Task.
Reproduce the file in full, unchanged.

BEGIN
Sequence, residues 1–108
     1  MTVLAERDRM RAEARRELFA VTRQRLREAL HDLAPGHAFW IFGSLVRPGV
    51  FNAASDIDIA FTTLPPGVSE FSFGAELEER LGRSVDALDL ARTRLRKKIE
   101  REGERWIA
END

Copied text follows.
Sequence, residues 1–108
     1  MTVLAERDRM RAEARRELFA VTRQRLREAL HDLAPGHAFW IFGSLVRPGV
    51  FNAASDIDIA FTTLPPGVSE FSFGAELEER LGRSVDALDL ARTRLRKKIE
   101  REGERWIA